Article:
Citing its backing for the long-stalled Yucca Mountain permanent spent nuclear waste repository in Nevada, the Trump administration has asked a federal court to reject a petition filed by Texas in which the state sought a court-supervised process to take over administrative proceedings so as to guarantee licensing and eventual construction of project.

Texas filed its lawsuit with the Fifth Circuit on March 15 in an attempt to stop the Department of Energy (DOE) from spending tax dollars on consent-based siting activity, and to force the Nuclear Regulatory Commission (NRC) and other relevant federal agencies to complete licensing proceedings for Yucca Mountain.

The state also argued that the DOE’s failure to accept spent nuclear fuel by 1998, as required by the Nuclear Waste Policy Act of 1982, injured Texas because it was saddled with waste fuel that could potentially devastate public health and environment.

But in a petition filed on June 30 with the U.S. Court of Appeals for the Fifth Circuit, the departments of Energy and Treasury argued that Texas’ lawsuit is the “wrong method to achieve the result,” and that it is also “fatally flawed.” It also claims that Texas lacks standing, it fails to identify a reviewable agency final action, and it is “untimely moot in any event.”

Notably, the Trump administration’s petition also rejects Texas’ claims that temporary storage of spent nuclear fuel was injurious, saying that the state failed “to allege concrete or particularized injury because it offers no factual basis to support its assertion that the mere ‘existence’ of [spent nuclear fuel] in Texas ‘poses danger.’”

It added that the NRC—“the agency vested with both the responsibility and the expertise to evaluate such issues”—concluded that “spent fuel can be safely stored until a repository is available, or indefinitely should such storage become necessary.”

The Trump administration pointedly noted that the state had also failed to account for the federal government’s recently announced actions to back the contentious Yucca Mountain project’s licensing. Its petition notes the president’s budget requests, for the first time since 2010, that Congress appropriate $120 million for the DOE to conduct the Yucca Mountain license proceeding. It also declares that any “consent-based siting activities” undertaken by the Obama administration have “no legal effect.”

The DOE recently took down a website describing the Obama administration’s ambitions for consent-based siting, replacing it with a message that announces it is reevaluating the measure to reflect the agency’s priorities under President Trump and Energy Secretary Rick Perry (who served as a former governor of Texas).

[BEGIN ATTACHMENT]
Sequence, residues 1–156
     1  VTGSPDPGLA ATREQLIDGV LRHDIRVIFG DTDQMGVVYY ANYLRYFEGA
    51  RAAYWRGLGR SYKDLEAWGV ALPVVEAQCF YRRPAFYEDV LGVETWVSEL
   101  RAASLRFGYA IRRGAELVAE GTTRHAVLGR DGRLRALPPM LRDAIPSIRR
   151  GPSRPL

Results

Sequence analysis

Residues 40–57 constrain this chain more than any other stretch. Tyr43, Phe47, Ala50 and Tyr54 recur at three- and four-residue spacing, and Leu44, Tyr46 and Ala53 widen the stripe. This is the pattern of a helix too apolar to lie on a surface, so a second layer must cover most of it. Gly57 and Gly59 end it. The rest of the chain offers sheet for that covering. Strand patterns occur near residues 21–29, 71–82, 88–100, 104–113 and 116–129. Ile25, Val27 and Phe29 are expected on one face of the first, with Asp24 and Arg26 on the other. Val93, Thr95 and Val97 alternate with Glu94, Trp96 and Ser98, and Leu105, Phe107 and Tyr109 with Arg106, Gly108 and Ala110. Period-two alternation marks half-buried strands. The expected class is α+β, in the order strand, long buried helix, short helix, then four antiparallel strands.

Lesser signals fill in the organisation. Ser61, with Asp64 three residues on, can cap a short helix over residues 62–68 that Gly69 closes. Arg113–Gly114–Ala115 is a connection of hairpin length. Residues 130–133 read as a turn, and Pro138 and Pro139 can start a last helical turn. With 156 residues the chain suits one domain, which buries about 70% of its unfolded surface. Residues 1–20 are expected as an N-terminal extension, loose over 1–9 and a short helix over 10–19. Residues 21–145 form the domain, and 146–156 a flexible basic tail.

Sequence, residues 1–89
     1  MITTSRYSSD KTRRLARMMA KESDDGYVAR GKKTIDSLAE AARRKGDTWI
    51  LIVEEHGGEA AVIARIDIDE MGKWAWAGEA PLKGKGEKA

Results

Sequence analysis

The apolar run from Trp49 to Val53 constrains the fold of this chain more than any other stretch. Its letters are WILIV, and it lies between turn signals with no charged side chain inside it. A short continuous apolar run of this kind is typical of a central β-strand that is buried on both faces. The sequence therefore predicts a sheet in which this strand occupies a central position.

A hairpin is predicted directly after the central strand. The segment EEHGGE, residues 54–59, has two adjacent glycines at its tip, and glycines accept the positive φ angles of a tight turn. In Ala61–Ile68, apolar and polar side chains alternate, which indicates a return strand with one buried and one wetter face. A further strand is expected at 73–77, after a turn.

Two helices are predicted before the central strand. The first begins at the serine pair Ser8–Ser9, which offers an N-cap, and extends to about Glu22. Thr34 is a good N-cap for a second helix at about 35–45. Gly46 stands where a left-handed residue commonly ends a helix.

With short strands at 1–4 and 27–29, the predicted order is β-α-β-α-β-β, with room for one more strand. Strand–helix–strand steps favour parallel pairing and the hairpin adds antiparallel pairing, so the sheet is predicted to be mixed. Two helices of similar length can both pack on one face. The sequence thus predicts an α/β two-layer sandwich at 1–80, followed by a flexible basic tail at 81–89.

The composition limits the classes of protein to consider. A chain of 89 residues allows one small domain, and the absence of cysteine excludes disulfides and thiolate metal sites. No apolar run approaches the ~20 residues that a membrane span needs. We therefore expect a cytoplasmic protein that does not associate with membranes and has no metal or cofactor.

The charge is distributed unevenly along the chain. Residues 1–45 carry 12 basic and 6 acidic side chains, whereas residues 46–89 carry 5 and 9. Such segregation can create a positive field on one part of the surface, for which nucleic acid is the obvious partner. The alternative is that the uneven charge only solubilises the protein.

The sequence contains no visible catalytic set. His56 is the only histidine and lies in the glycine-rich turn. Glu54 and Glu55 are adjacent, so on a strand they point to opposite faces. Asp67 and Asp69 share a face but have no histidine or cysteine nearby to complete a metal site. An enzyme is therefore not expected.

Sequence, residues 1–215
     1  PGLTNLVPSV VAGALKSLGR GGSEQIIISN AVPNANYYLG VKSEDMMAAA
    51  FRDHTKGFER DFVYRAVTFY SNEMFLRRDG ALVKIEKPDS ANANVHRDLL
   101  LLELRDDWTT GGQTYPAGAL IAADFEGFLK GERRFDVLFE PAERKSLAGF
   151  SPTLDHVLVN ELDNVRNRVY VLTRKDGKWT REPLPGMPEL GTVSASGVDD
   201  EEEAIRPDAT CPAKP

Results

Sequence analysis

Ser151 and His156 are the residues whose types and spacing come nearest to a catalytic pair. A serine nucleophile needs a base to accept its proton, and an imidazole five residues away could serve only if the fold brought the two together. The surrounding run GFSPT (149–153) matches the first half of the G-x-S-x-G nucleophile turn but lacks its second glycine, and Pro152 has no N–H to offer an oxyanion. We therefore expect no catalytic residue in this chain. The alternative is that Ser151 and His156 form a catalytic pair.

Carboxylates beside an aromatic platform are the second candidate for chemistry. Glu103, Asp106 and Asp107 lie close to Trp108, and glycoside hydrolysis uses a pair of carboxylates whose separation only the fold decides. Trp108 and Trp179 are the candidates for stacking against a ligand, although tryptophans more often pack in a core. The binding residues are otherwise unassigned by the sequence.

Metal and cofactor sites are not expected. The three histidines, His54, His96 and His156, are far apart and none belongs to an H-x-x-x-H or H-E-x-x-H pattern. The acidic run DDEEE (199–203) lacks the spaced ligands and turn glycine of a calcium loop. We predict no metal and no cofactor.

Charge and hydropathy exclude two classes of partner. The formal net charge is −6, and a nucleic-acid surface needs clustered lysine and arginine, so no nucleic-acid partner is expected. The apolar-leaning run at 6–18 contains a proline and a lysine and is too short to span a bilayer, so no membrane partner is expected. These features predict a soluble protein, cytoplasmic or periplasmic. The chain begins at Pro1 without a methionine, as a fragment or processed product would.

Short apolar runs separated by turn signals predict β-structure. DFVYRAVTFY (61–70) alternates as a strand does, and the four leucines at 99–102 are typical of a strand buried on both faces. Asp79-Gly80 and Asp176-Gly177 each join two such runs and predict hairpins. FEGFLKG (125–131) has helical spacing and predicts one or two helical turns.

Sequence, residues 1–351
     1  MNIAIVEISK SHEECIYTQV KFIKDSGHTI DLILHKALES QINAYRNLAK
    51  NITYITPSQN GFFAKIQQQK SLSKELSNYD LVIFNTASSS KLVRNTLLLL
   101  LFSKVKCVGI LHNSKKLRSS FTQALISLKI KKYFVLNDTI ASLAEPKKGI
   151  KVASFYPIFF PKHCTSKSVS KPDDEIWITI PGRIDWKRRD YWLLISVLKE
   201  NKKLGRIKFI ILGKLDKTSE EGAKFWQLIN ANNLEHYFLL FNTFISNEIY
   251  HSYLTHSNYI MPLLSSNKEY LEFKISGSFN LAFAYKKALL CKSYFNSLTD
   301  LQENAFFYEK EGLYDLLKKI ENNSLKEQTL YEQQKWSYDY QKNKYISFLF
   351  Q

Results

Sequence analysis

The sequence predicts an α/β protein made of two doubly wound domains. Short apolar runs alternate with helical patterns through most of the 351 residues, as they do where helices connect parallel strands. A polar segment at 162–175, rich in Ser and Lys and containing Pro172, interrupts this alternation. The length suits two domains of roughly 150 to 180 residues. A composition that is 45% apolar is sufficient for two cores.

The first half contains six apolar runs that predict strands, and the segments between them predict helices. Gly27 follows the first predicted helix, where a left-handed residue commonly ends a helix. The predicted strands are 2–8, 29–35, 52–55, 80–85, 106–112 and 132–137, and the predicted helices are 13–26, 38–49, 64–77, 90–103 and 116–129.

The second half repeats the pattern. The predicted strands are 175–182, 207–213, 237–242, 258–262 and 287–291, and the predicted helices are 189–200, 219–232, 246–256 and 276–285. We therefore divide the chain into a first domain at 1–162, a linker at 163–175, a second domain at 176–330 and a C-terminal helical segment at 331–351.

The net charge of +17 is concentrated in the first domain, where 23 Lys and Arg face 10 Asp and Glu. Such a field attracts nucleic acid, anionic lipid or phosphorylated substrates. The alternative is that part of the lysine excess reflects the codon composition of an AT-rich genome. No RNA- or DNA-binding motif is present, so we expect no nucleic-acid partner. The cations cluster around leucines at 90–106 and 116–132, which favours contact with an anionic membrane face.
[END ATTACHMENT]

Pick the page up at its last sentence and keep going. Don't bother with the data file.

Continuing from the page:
In its petition last week, the Trump administration also says “it does not intend to take further policy action on the consent-based siting activities in question.”

Backing for the permanent waste repository many had thought was dead is also growing in Congress. On June 28, the House Energy and Commerce Committee voted 49–4 to advance a bill to advance the project. The legislation essentially sets a timeframe for the NRC to approve the project and allows the DOE to permit an interim nuclear waste storage site before licensing for the permanent repository is completed. Some Democrats who supported the measure cited efforts to remove spent nuclear fuel waste that has been stalled at nuclear power plants owing to the limbo surrounding a nuclear waste strategy.

However, the federal government’s petition sets new stakes in what is certain to be a bitter legal battle embroiling the controversial project.

The state of Nevada filed its own motion on April 12 in the 5th Circuit to intervene as a respondent in the Texas case, noting that it has for more than three decades “steadfastly opposed any attempt to dump the Nation’s nuclear waste within its borders.” Texas’ petition directly and adversely threatens the rights of Nevadans and its citizens, the state said.

“If successful, the end result of Texas’s Petition will be to short-circuit the legislative process currently pending in Congress, hamper Nevada’s ability to present its case at the licensing hearing, and rush a flawed project to completion at the direct expense of Nevada’s sovereign interests and the health, safety, and welfare of its citizens,” the state said.

—Sonal Patel is a POWER associate editor (@sonalcpatel, @POWERmagazine)